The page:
Joe Niekro

Joe Niekro
Born: (1944-11-07)November 7, 1944
Martins Ferry, Ohio
Died: October 27, 2006(2006-10-27) (aged 61)
Tampa, Florida
Batted: Right Threw: Right
MLB debut
April 16, 1967, for the Chicago Cubs
Last MLB appearance
April 29, 1988, for the Minnesota Twins
MLB statistics
Win–loss record 221–204
Earned run average 3.59
Strikeouts 1,747
Career highlights and awards

Joseph Franklin "Joe" Niekro (November 7, 1944 – October 27, 2006) was an American Major League Baseball right-handed pitcher. He was the younger brother of pitcher Phil Niekro, and the father of Minor League Baseball pitcher and first baseman Lance Niekro. Born and grew up in Martins Ferry, Ohio,[1] Niekro attended Bridgeport High School in Bridgeport, Ohio and attended West Liberty University in West Liberty, West Virginia. During a 22-year baseball career, he pitched from 1967–1988 for seven different teams, primarily for the Houston Astros.


Niekro pitched for the Chicago Cubs, San Diego Padres and Detroit Tigers with occasional success before joining Phil with the Atlanta Braves in 1973. Joe used a fastball and a slider early in his career, with mixed results. He spent two seasons in Atlanta with Phil and got re-acquainted with the knuckleball that their father taught them. The knuckleball became an essential part of his arsenal though never his sole pitch. Joe threw harder than Phil and could set up batters nearly as effectively with his fastball in combination with his excellent changeup.

The Houston Astros purchased Niekro's contract from the Braves for $35,000 in 1975. He blossomed into a dominant pitcher as he perfected his knuckleball in Houston, going 21–11 in 1979 and 20–12 in 1980, to become the first Astros pitcher to win 20 games in consecutive seasons. He also made the National League All-Star team in 1979, a season in which he led the league with his 21 wins and five shutouts, won the TSN Pitcher of the Year Award, and ended second in voting for the Cy Young Award behind Bruce Sutter. 1979 also saw the Niekro brothers tie for the wins leader in Major League Baseball, marking this the only year that two brothers shared this honor.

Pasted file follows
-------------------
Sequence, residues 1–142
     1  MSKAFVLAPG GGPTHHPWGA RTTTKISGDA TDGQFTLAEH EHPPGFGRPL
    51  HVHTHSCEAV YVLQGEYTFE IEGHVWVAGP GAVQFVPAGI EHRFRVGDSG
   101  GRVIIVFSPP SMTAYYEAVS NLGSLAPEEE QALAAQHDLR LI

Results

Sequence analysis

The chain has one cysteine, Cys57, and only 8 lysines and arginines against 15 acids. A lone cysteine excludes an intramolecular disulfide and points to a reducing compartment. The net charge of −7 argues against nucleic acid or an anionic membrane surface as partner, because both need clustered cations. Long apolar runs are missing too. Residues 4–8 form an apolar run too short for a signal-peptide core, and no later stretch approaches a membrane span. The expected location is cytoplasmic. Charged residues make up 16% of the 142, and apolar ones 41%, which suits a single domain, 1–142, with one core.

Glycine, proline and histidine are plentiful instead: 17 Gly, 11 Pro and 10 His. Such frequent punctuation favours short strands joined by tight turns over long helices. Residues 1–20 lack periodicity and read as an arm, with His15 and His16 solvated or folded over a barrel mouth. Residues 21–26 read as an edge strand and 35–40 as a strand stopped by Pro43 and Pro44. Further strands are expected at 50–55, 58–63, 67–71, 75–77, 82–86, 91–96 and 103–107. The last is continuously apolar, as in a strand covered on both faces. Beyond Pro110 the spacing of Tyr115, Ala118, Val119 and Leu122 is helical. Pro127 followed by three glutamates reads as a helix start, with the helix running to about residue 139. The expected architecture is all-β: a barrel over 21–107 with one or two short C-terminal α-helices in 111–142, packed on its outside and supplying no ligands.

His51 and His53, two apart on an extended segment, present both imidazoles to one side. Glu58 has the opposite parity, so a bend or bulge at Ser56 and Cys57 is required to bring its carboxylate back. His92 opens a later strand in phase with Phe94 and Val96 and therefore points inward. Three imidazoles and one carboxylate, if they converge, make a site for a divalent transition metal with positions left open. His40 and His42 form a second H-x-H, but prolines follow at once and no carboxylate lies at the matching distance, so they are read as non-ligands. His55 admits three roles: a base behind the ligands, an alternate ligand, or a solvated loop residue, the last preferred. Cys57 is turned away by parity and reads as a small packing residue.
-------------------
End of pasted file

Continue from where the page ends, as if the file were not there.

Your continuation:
In 1980, Houston had a three-game lead over the Los Angeles Dodgers in the NL West, then lost their last three games of the regular season in Los Angeles, to force a one-game playoff. Niekro allowed six hits in a 7–1 Houston victory that propelled the Astros to their first postseason. He then pitched 10 shutout innings in Game 3 of the NLCS and the Astros won, 1–0, though they lost the series to the Philadelphia Phillies, 3–2.

In September 1985, Houston traded the 40-year-old Niekro to the New York Yankees, where he briefly reunited again with Phil.[2] Niekro finished his career with the Minnesota Twins, where he pitched in the World Series for the only time, in 1987. Earlier that season, Niekro had been suspended for ten games when umpire Tim Tschida discovered a nail file in his pocket during a game against the California Angels. When Tschida told Niekro to empty his pockets, Niekro reached into his pockets, pulled out his hands and threw them in the air. The emery board and a piece of sandpaper flew out of his pocket and fluttered to the ground. The video of this made a lot of sports-highlight shows and is a common "blooper" clip today. Niekro said he was filing his nails in the dugout, but American League president Dr. Bobby Brown did not believe him, and ordered the suspension. Niekro was eventually released by the Twins shortly into the second month of the 1988 season and subsequently retired.

Joe Niekro Foundation

On October 26, 2006, Niekro suffered a brain aneurysm and was taken to South Florida Baptist Hospital in Plant City, Florida. He was later transferred to St. Joseph's Hospital in Tampa, Florida, where he died the following day at age 61. The Joe Niekro Foundation, created by his daughter Natalie, is committed to supporting patients and families, research, treatment and awareness of Brain Aneurysms, AVMs and Hemorrhagic Strokes. The non-profit organization provides education on the risk factors, causes and treatments of these conditions, while funding the advancement of neurological research.

Statistics and records


See also


External links

This article is issued from Wikipedia - version of the 10/8/2016. The text is available under the Creative Commons Attribution/Share Alike but additional terms may apply for the media files.